This week I’m combining prompts; Trifecta Writing Challenge asked for 33 to 333 words on the third definition of the word REMEMBER (verb):
b : REWARD <was remembered in the will>
The girl sat in the stone window-ledge. She was graceful, beautiful, talented, all the gifts given to her at her birth. She’d had plenty of time to wonder if they had been worth the cost.
Below her, the castle spread in silent grandeur. In every room, sleepers, hardly seeming to breathe, left where they had fallen. In the slanting autumn light, the air sparkled with dust that drifted and turned, but never hit the ground. Not here.
She hadn’t understood at first. Alone in the stillness, the unwaking bodies of two handmaids on the floor next to her bed, she had finally realized. The prince hadn’t come.
At the thought, her eyes fell to the brambles surrounding the castle walls. She saw no bleached skull, but she thought she knew what had happened all the same. She imagined she could see the spot — just there, where the roses bloomed in dusky glory every summer.
He had died. And then the funny thing had happened; the angry fairy’s power at last had broken. The girl had no idea how many years had passed until then, or how many since. The cruelest joke was that it was the “kindness” of the fairy who had saved her that had kept them all trapped. The fairy had caught the castle out of time until the prince should arrive. And then he never did.
So here she was, still sixteen, a phantom of longing drifting through the halls, promise eternally unfulfilled. Outside, the seasons turned. Inside, she waited for the last spell to break. She closed her eyes and wished that her parents had not been so eager for magical gifts, that they had let her birth go unremarked and let her take her chances with an ordinary life. When the distant geese flew by, obedient to the dictates of time, ordinary seemed like the most extraordinary thing she could imagine.
In the courtyard below, a yellow leaf ceased its eternal circling and slipped down to touch the pavement.
This week I’m combining the Write at the Merge prompt from Write On Edge and the weekly Trifecta Writing Challenge. Write at the Merge gave us the word “pine” and a photo of leaves falling on a deck, and Trifecta gave us the third definition of the word “phantom” (noun):
Welcome to the October round of Let’s Lunch! This month’s theme is guilty pleasures. Since around here are in the painfully, painfully brief season when fresh figs are available, I thought I’d share one of my favorite indulgences: starting the day with an opulent breakfast of fresh figs and ricotta.
I love a fancy breakfast. Let’s be honest: despite the fact that nutritionists are constantly telling us that it’s important to eat breakfast, it’s hard to make time to actually have a real meal at that hour. Life gets in the way. So there’s something especially indulgent-feeling about sitting down with a real treat instead of a bowl of cereal or a breakfast bar.
I do try to eat something for breakfast. I also try not to start my day with a big bowl of full-fat cheese. But hey, fresh figs are worth it, don’t you think?
Figs and Ricotta with Honey
1/2 cup whole-milk ricotta
A pinch of salt
2-3 fresh figs
Freshly ground black pepper
Honey (I used orange blossom)
Fresh mint or rosemary, finely chopped
Stir a pinch of salt into the ricotta and place in a bowl. Quarter the figs and arrange them on top of the ricotta. Give a few grinds of pepper on top, drizzle with honey, and sprinkle with your herb of choice. If you use rosemary, as I did, be sparing and make sure to give the leaves a light chopping first. Mint you can use more freely.
Still hungry? Check out the other offerings on Twitter, hashtag #LetsLunch, or below:
The Breakfast Club at Sandwich Surprise.
Shoulder Pork and Ham deconstructed at Insatiable Munchies.
Nutella Cookies at The Little Good Ride.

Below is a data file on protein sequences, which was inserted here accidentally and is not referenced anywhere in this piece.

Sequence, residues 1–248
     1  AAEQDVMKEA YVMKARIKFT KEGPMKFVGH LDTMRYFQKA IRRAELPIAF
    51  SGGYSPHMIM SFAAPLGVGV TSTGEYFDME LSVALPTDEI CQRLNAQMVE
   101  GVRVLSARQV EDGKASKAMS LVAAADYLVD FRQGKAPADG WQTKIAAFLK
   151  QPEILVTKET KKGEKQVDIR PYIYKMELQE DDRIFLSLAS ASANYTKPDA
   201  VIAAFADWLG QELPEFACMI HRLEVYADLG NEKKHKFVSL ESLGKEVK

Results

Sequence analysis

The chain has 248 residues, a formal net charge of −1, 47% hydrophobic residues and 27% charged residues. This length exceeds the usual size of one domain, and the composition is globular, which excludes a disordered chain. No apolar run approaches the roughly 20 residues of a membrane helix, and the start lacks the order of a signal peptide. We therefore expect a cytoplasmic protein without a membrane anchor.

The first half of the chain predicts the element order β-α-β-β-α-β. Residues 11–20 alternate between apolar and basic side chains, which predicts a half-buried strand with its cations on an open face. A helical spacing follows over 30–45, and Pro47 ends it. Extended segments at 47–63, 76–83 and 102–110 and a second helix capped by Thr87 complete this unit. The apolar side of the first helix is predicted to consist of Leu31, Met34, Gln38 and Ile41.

Halayang Ube at Asian in America.
Mars Bar Slice at Monday Morning Cooking Club.
Japanese Crisp Choco Bites at A Tiger in the Kitchen.
Homemade Biscuits and Sausage Gravy at Dreaming of Pots and Pans.
Dark Chocolate Whoopie Pies with Raspberries and Lemon-Scented Cream at Spicebox Travels.
It’s time for this month’s Let’s Lunch round! This month’s theme is pie. You might say that this is the perfect time of year for an apple pie recipe, headed as we are here in the Northeast straight into apple-picking season. I have to admit, though, I never think of fruit pies when someone says “pie”; my mind immediately goes to pecan, buttermilk, fudge, and all the other delicious, nutritionally irredeemable confections of my youth. That being so, I thought I’d bring you a straightforward favorite my grandmother used to make: chocolate pie. This is a simple recipe — so simple it might well have come off a can label sixty years ago — but I promise, it’s 100% delicious. There’s a reason my family keeps coming back to it decade after decade.
The queen sat by the fire and hummed softly to her son, rocking his cradle softly. The king, delighted by a boy, had yet disapproved of her choice. A ridiculous name, he’d said. Not fit for the heir to a kingdom.
And yet she’d had her way. She always did, now. Her father had sold her, and the king had locked her in a room full of straw and threatened to kill her, but that was over, all over. She was the queen who had spun straw into gold, and if there had been another in that tower room, if there had been promises made, that had been before. She was the golden queen and could do no wrong.
They burst into the room, an angry swarm of king and advisors and guards, and the imp. The imp stood alone with uncanny grace, skin dusky, eyes only for her. He raised his hand, and a hush fell, the kingdom’s great men choked to silence on their own choler.
“It is the third day, and your last chance.” His voice was like smoke and forest honey. “Can you guess my name?”
She met his eyes for a long moment, the months of waiting and knowing and powerlessness all boiling to the surface, plain on both their faces. Then she smiled, and reached down a hand to touch her sleeping son. “Rumleskaft.” The king reared back as if bitten. She could see the imp smiling out of the corner of her eye.
“You have me.” He made a half bow. “What is your wish?” His golden eyes were knowing.
She gathered up the baby in her arms. He opened his eyes sleepily, and a flash of gold showed through the brown before he gurgled happily and closed his eyes again. “I wish to leave this place.”
A deep bow, then she was in his arms. “As you desire.” Rumleskaft touched the baby’s cheek, then wrapped the darkness around them and swept them silently away.
This week’s Trifecta Writing Challenge called for 33 to 333 words on the third definition of the word GRACE (noun):
b : a pleasing appearance or effect : charm <all the grace of youth — John Buchan>
c : ease and suppleness of movement or bearing